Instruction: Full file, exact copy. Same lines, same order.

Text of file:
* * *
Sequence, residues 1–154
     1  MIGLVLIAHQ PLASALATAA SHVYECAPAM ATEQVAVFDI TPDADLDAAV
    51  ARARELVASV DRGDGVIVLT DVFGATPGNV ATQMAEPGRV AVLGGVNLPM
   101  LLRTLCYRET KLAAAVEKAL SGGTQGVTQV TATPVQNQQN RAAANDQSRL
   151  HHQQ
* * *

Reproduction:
Sequence, residues 1–154
     1  MIGLVLIAHQ PLASALATAA SHVYECAPAM ATEQVAVFDI TPDADLDAAV
    51  ARARELVASV DRGDGVIVLT DVFGATPGNV ATQMAEPGRV AVLGGVNLPM
   101  LLRTLCYRET KLAAAVEKAL SGGTQGVTQV TATPVQNQQN RAAANDQSRL
   151  HHQQ